Local officials express concerns about proposed changes to special education rule
AROOSTOOK COUNTY, Maine — Many local school districts have concerns regarding the state’s proposed changes to special education rule which they say would benefit students in the long term but place greater financial burdens on budget-strapped rural districts in Aroostook County.
The Maine Department of Education has proposed nearly a dozen amendments to the current special education regulations, one of which would make school districts responsible for special education screenings of 3-5 year olds as well as providing appropriate services to those youngsters with disabilities and developmental delays. Currently, those students who are not in school yet are referred to a state agency — Child Development Services — for such evaluations and services.
If the rule changes were to be implemented, the screenings and additional services for those children who qualify would likely require the hiring of additional staff members and outside specialists such as speech, physical and occupational therapists to address the children’s individual needs at local school districts.
In response to the concerns and comments received from educators across the state, the DOE issued a statement Thursday, Dec. 6, stating that the state agency has decided to withdraw all proposed rule changes for the time being in order to reconsider them.
“All of the comments submitted will be retained and the department will continue to work on what we believe to be improvements to the rule, with the goal of beginning a new rulemaking process next summer,” the statement reads. “The Maine DOE’s Office of Special Services would like to thank the individuals who attended the public hearing and/or submitted written comments on the proposed rule.”
Tim Doak, who serves as superintendent for both SAD 20 in Fort Fairfield and RSU 39 — which serves students in Caribou and Stockholm — said that his districts have advocated for the new rule as a way to increase early intervention services for children aged 3 to 5.
“When special education students are exposed to a school setting at an early age, they are more likely to be confident in themselves moving forward, which leads to strides in their reading and math skills and their social skills,” Doak said. “It’s crucial that our services are opened up to the kids in that age group.”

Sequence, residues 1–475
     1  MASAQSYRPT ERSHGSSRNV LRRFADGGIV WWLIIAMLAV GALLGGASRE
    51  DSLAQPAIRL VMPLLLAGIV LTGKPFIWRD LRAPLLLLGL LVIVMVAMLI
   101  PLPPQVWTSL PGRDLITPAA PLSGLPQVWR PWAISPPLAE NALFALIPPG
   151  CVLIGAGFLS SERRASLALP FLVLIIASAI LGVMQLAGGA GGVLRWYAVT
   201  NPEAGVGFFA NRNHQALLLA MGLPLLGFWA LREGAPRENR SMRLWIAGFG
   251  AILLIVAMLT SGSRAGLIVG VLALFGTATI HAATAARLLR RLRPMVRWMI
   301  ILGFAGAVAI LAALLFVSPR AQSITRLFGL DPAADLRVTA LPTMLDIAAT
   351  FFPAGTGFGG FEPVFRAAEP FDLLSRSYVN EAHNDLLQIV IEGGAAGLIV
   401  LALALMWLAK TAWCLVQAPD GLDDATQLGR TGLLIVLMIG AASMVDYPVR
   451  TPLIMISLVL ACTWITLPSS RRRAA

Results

But as most recently proposed, the rule changes did not contain provisions for allocating more funding to school districts to accommodate more students and the anticipated need for more special education teachers and contracted services.
SAD 20 employs seven teachers who are in charge of instructing at least 90 special education students while RSU 39 employs 12 teachers for 215 students. If the districts did not hire additional staff members, Doak said, their current special education teachers would be greatly overwhelmed by the influx of new students.
“All our teachers have caseloads of eight to 10 students, sometimes a little bit more than that,” Doak said. “We would have to add at least one new teacher and more specialists in areas like speech and occupational therapy.”
Doak noted that at least 10 percent of both districts’ budgets are spent on special education services annually. Hiring more teachers and paying more for contracted specialist services would lead to some hard decisions about whether to increase the schools’ portions of their local property taxes or to cut back on funding for other school programs to offset the increase in the special education budget.
Other issues that school administrators would need to address, he said, include finding certified special education teachers who are willing to take on the heavy caseloads of rural districts and finding more classroom space to accommodate more students.
“In Caribou, our space would be tight until the new school is finished,” Doak said.
Much of those same challenges would be present at SAD 1 in Presque Isle if the proposed changes were implemented, according to superintendent Brian Carpenter. The district currently spends $3 million per year on special education services and employs 16 special education teachers as well as various speech, physical and occupational therapists that they contract with throughout the year as part of a partnership with Northern Light A.R. Gould Hospital.
Carpenter said he supports the idea of students aged 3 to 5 receiving evaluations from their home school district as opposed to Child Development Services. But he has concerns about the additional stress that those duties would put on teachers, who typically take on around 20 students per caseload.
“We would have to hire more teachers and ed techs. There’s no doubt about that,” Carpenter said. “I don’t know how we would take on more students without overwhelming the staff members we have now.”
He noted that if, for example, a 3-year-old student required bus transportation to and from school, that situation alone would require additional staffing needs.
“Three-year-olds need restraints to sit on school buses, so you would need an ed tech to buckle them in and help them off the bus because the bus driver can’t do that themselves,” Carpenter said.
Ultimately, Carpenter thinks that the rule changes would benefit students and their families who otherwise have to travel to areas downstate to receive screening services from CDS. But he hopes that, if passed, the state will consider how it might fund those services in the future to reduce the heavy financial burden that County schools already feel.
“This is a good opportunity for us to give students better preparation for post-kindergarten grades,” Carpenter said. “What I want to know is how the state plans to fund these services because unlike a state agency, we’re not able to request more funds when we need it. We have to work with what we have.”